Tapirs, Types of tapirs, Characteristics, Behavior, Habitats, Diet, Reproduction, and Threats
The tapir is a herbivorous mammal that looks like a big pig. Tapirs can be found in the rainforests of South and Central America and Southeast Asia. There are 4 surviving species of tapirs, of which three live in the American rainforests and one species lives in Rainforests in Asia.
Species of tapirs:
Tapirs are crucial nutrient recyclers, allowing the soil and landscape to thrive. They also act as biological markers of an area's health and vitality: because of their vast size, slow reproduction rate, and sensitivity to their environment, tapirs are the first to drop when there is human disturbance. Tapirs are classified as follows:
Tapirus bairdii (Tapirus bairdii):
As an adult, its coat is dark red-brown to black, with a white chest and chin and white ear fringes. it lives in Mexico and Central America.
Tapir from Brazil:
Its coat is black on the back and paler on the underside, and it is native to South America from Colombia to Paraguay and Brazil. It favors warm, wet, and humid climates. Crocodiles and jaguars are their natural predators.
Tapirus mountain or woolly:
It possesses a long, thick coat and undercoat to keep warm in its frigid alpine environment in northern South America's Andes Mountains. It is one of the world's most endangered animals.
Tapir from Malaya:
Tapirs are exclusively found in Thailand, Burma, Malaysia, and Indonesia. It has a striking coat pattern, with black in front and white in behind. Breaking up the bodily contour in the shadow of the forest, functions as concealment. Natural predators include tigers.
The "newest" of the tapirs, despite the fact that locals had known about its presence for many years. The Kabomani tapir is the smallest of the five varieties.
Characteristics of Tapirs:
Tapirs range in length from 1.8 - 2.5 meters (6 - 8.25 feet) depending on the species, can weigh between 180 - 320 kilograms (396 - 704 lb), and can stand up to 1 meter (3 feet) in height. Tapirs have light fur, Tapirs can range in color from reddish brown to black, and the Malayan tapir is one of the only breeds that have a white saddle-shaped marking on its back which may help it camouflage in dimly lit forest trees. It looks like wool.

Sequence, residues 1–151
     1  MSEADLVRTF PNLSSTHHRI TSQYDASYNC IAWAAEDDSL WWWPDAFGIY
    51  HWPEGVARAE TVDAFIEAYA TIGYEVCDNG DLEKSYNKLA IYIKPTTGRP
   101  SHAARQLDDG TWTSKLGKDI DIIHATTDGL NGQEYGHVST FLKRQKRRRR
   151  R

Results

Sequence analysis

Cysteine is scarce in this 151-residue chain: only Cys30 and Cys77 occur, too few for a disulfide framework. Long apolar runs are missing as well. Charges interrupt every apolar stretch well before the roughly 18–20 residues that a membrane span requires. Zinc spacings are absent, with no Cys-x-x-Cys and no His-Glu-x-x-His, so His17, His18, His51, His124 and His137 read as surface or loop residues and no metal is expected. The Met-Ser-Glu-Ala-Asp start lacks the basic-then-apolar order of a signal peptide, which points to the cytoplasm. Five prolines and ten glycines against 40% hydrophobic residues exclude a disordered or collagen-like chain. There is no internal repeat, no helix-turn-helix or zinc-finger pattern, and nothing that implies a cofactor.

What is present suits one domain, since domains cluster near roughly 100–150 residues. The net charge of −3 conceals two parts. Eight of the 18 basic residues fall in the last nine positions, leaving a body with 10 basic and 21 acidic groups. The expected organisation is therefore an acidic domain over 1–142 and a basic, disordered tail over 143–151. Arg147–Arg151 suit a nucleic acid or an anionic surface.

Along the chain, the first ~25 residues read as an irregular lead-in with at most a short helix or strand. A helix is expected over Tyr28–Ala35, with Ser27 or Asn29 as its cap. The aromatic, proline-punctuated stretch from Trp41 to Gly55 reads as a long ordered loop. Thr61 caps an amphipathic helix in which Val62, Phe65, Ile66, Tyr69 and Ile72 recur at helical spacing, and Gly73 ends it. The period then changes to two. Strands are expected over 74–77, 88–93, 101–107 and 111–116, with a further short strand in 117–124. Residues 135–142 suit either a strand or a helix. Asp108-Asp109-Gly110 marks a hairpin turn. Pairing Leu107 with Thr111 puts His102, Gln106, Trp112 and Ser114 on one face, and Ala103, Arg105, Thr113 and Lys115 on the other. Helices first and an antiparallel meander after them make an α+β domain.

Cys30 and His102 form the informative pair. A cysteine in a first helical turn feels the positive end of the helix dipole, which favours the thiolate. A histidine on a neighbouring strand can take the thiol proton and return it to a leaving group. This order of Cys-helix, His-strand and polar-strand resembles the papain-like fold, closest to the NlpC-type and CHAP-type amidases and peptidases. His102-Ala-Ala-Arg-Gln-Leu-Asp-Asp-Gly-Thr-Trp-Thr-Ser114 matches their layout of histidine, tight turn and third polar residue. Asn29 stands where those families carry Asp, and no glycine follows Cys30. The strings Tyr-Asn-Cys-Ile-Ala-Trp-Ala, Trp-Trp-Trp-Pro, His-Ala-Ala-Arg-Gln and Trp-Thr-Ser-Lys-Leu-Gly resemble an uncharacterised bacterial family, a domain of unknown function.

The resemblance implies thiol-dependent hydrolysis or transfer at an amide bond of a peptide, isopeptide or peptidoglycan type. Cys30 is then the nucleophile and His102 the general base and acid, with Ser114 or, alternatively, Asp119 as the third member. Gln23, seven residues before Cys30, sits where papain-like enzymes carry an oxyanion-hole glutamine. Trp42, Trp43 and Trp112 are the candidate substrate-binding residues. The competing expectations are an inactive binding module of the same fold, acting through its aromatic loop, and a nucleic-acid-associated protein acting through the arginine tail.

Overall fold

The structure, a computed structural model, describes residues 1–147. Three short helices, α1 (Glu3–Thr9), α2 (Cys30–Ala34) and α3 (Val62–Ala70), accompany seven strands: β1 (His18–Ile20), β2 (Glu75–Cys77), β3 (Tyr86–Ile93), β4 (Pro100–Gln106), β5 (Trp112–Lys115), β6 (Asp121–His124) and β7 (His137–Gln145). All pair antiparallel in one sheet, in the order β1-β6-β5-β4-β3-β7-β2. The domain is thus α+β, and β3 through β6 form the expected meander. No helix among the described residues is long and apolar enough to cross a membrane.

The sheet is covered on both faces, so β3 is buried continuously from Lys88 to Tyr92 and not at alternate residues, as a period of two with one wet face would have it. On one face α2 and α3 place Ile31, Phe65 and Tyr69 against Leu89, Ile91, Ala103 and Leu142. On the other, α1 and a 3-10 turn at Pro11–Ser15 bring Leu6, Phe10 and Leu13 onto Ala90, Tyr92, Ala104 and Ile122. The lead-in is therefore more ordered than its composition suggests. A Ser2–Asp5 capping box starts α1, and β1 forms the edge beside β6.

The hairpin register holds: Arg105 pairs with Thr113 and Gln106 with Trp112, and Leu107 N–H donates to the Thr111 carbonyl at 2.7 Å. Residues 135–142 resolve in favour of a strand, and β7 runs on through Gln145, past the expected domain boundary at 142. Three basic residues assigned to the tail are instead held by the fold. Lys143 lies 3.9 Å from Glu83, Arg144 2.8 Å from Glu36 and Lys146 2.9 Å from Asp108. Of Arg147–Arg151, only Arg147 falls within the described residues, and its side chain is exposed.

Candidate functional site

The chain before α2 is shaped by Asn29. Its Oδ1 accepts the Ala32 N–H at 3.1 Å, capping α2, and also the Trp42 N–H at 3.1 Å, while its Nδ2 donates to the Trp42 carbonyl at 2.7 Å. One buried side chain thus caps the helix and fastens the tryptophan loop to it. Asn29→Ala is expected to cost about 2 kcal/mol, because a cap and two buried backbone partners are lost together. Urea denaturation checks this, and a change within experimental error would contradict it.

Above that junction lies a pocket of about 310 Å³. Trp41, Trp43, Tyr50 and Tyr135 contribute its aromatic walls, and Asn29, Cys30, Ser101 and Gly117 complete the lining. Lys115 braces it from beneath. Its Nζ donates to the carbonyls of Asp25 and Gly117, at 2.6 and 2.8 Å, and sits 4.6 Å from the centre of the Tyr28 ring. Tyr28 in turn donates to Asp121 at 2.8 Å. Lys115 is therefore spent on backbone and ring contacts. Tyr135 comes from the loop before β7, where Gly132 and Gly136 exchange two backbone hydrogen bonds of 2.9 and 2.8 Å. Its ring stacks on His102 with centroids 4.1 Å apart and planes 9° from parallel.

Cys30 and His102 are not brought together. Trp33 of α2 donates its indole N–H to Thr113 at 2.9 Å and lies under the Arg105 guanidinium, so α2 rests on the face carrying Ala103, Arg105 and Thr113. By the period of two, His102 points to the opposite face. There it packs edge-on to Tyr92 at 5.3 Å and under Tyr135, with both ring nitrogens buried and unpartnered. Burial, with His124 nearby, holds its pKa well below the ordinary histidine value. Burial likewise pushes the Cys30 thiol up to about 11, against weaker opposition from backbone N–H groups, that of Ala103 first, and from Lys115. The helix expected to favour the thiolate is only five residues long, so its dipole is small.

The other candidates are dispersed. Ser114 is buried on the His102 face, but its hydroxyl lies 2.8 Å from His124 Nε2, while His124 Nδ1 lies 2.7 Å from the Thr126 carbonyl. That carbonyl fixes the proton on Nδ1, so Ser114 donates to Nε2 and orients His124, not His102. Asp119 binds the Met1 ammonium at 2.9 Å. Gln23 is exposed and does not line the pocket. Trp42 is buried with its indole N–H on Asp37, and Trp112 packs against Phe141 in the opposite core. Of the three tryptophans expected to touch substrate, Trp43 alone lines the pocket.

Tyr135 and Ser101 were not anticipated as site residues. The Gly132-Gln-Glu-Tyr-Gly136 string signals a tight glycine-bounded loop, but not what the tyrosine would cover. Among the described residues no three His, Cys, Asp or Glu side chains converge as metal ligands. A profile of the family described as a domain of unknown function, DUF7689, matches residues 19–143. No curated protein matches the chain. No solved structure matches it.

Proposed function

The tapir has a thick body with short legs, a short tail, and flattened hooves. It has four toes in the front and three in the back, which helps it to walk on soft and muddy ground. It has delicate white ears and small brown eyes. It often has a trimming on its eyes that resembles a corneal cloud, which gives it poor eyesight.
However, a strong sense of smell helps to compensate for this deficiency, and tapirs have a long flexible snout and use it to pluck branches and other flakes when things are out of reach, and pregnant female tapirs have a pair of mammary glands with which they feed their young.
Behavior of Tapirs:
Tapirs are nocturnal except for the mountain tapirs which are more active during the day. Tapirs spend most of their day underwater, using their snouts to do diving, keep cool in a hot forest environment, and avoid predators. Tapirs are surprisingly graceful swimmers because of their size.
Tapirs are also able to swim in the riverbed and can also walk on the bottom, allowing small fish to become parasites on their bodies. Tapirs also like to roll around in the mud during the day, which helps them keep cool and remove insects from their skin.
Tapirs are good climbers. They climb steep hillsides and rivers with clear ease. During the night, tapirs appear wandering among plants. In general, tapirs are solitary animals that spend most of their time alone, with the exception of females and their young.